Lett's Set A Spell
When philosopher Albert Camus said, “In the midst of winter I found in me an invincible summer,” he was talking about the importance of a sunny attitude during dark days. Through the centuries, folks living on farms had to start preparing for the next harvest as soon as the Christmas holidays were over ... when the sun set early and cast the most shadows.
By the beginning of winter in late December — the shortest day of the year — everything had gone to seed from last year’s crop and the earth lay dull and barren. As each day grew a tiny bit longer, it was a reminder that spring would return again and plenty was on its way.
On the Lett family farm in the Buckhorn community in rural North Carolina, each season brought its challenges and rewards. When it could be “as cold as a well-digger’s behind,” according to Grandpa, there was little relaxation for farm families, even on the weariest, dreariest, most bitter of days.
IN LATE JANUARY when the mood struck and the moon was just right, Grandpa (Puzie Lett), Grandma (Verta) and their nine young’uns would make a beeline to the plant bed where tobacco seeds were placed tenderly under cold hard soil. This tradition was a sure sign that a new growing season had begun.
One neighbor discovered that if he set out his beet seeds about the same time, they grew a little faster than the tobacco. The beets would eventually lift the protective sheet over the plant bed higher, creating growing space for budding tobacco sprouts. Some say growing tobacco was like starting a second religion — it was discussed as much or more so than worshiping God.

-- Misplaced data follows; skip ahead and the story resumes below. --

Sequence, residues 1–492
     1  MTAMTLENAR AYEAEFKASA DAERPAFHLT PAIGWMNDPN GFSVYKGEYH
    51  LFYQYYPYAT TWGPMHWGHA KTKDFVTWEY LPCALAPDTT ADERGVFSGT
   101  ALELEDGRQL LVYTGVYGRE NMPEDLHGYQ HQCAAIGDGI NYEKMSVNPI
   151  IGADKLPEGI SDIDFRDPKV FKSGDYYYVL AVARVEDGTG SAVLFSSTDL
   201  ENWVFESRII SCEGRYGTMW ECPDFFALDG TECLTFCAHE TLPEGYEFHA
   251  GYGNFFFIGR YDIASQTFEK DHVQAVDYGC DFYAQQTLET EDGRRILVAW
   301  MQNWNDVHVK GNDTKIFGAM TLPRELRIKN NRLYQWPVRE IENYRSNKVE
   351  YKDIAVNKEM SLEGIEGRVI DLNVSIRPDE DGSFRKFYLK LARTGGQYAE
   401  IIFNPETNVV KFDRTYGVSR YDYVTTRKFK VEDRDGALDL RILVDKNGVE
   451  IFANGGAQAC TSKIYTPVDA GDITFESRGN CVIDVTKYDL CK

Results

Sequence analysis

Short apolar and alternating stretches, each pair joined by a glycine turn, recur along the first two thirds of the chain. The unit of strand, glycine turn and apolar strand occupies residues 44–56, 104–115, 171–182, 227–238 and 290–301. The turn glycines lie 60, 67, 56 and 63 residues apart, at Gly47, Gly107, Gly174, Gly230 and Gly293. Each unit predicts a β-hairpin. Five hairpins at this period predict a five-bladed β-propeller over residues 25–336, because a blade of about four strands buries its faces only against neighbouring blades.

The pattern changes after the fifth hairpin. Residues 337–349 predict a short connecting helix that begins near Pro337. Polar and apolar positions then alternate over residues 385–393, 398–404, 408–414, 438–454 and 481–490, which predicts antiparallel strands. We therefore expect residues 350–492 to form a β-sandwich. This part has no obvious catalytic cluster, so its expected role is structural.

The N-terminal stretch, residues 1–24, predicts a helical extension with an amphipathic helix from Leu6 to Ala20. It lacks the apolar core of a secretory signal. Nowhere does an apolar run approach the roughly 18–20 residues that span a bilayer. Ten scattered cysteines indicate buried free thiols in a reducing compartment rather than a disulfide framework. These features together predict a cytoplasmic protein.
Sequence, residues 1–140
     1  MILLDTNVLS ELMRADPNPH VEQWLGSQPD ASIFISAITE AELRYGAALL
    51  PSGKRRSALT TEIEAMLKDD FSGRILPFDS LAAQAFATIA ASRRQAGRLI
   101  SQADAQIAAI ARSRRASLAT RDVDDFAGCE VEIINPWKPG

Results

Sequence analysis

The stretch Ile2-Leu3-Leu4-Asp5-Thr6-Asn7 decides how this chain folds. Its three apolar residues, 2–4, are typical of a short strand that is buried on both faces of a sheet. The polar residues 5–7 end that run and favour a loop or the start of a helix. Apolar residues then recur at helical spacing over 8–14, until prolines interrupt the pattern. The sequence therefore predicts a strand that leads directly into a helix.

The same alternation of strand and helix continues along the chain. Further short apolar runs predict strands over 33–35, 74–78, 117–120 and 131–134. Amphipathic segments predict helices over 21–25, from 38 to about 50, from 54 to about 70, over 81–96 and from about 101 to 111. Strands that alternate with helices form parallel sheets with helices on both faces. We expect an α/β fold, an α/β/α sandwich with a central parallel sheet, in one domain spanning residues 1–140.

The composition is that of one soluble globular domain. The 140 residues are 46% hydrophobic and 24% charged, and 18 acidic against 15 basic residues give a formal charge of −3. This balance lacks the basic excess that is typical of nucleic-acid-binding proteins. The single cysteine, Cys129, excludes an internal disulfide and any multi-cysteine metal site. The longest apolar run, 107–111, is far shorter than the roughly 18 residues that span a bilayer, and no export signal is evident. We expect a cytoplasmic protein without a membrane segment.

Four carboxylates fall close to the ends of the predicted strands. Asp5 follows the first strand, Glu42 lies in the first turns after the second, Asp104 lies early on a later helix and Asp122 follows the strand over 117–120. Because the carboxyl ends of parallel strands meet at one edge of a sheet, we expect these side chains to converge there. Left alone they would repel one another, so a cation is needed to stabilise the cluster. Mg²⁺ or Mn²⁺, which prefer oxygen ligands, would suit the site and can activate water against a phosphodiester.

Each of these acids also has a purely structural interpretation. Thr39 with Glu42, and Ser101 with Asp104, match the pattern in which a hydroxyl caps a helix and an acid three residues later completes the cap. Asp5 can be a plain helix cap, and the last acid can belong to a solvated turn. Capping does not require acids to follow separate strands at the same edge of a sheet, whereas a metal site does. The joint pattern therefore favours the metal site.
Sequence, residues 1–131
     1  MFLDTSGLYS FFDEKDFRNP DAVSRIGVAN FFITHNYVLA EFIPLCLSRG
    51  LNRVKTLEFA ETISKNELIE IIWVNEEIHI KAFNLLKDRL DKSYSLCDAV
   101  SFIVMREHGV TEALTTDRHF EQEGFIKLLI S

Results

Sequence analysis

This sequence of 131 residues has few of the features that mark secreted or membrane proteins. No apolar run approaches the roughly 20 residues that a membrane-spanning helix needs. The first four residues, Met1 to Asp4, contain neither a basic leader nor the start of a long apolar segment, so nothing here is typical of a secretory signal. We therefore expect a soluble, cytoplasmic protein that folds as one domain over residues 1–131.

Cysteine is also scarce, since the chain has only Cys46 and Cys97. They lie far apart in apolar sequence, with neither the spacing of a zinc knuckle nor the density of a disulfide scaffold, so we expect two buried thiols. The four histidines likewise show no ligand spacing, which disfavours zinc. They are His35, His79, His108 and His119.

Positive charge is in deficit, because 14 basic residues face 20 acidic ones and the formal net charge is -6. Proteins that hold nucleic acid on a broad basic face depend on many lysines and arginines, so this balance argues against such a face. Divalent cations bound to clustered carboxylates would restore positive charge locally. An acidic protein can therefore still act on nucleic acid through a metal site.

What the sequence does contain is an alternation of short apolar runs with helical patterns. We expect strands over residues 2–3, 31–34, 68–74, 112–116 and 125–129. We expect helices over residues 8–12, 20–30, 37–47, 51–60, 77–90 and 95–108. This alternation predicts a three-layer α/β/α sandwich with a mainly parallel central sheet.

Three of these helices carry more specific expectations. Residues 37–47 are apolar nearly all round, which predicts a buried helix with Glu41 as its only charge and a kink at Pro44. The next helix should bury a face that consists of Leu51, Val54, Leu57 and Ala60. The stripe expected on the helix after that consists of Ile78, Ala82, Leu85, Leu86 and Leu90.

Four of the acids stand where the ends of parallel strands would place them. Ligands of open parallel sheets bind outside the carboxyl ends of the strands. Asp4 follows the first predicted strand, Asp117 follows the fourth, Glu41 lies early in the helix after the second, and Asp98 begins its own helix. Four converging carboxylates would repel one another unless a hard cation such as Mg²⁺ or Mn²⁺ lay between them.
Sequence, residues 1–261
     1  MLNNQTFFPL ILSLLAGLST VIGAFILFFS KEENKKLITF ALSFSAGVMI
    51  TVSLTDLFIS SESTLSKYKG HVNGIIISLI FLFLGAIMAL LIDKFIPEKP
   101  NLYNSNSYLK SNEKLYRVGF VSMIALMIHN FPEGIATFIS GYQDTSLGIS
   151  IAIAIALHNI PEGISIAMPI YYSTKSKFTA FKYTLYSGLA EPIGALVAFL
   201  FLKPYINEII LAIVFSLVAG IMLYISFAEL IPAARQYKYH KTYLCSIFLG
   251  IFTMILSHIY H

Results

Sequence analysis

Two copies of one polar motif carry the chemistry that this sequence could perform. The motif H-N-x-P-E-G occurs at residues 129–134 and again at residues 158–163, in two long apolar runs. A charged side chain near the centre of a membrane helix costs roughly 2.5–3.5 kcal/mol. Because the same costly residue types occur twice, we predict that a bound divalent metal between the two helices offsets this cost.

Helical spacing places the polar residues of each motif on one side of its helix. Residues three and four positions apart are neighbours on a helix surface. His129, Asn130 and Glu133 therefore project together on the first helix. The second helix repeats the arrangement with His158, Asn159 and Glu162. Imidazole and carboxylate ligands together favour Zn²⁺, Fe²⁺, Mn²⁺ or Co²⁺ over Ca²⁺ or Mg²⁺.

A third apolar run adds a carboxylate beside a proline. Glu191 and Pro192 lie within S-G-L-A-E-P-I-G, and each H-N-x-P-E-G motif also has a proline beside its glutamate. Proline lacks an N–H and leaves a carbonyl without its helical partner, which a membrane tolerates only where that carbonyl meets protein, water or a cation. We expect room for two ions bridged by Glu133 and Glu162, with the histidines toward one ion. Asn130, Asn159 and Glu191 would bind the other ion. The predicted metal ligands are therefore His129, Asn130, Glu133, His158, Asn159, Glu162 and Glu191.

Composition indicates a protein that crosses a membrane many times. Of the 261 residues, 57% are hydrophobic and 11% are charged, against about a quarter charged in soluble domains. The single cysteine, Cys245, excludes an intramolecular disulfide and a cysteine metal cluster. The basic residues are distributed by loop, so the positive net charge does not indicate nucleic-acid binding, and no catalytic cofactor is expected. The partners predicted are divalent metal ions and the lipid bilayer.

For many farmers the tobacco crop’s earnings became their salvation because earnings provided the steady income to modernize the house, acquire citified equipment, and above all, buy foods and supplies not available on the farm.
When neighbors gathered by the old potbellied stove in the back room of Grandpa’s country store, they would commence the first of many conversations about this year’s main money crop. Tobacco was king when it came to reliable and profitable crops.
TODAY, TOBACCO FARMERS — fewer each year — will bury their seeds in the plant beds with their minds focused on the summer’s harvest. Few of them will be able to “set a spell” at a country store where they can share their challenges and victories side by side with neighbors.
These farmers will have not the luxury of listening to Grandpa spout his words of wisdom. Each launch of a new growing season reminds me of Grandpa’s philosophy of life: “Everybody reaps what they sow, sometimes in the short run, sometimes in the long haul, sometimes in heaven, sometimes in hell, but everybody gets what’s coming to them.”
Seems to me we’d better be sowing thoughts about a refreshing spring, an abundant summer and a rich fall harvest.
AlexSandra Lett is a professional speaker and the author of “Natural Living, From Stress to Rest;” “A Timeless Place, Lett’s Set a Spell at the Country Store;” “Timeless Moons, Seasons of the Fields and Matters of the Heart;” “Timeless Recipes and Remedies, Country Cooking, Customs, and Cures;” and “Coming Home to my Country Heart, Timeless Reflections about Work, Family, Health, and Spirit.” Lett can be reached at (919) 258-9299 or LettsSetaSpell@aol.com.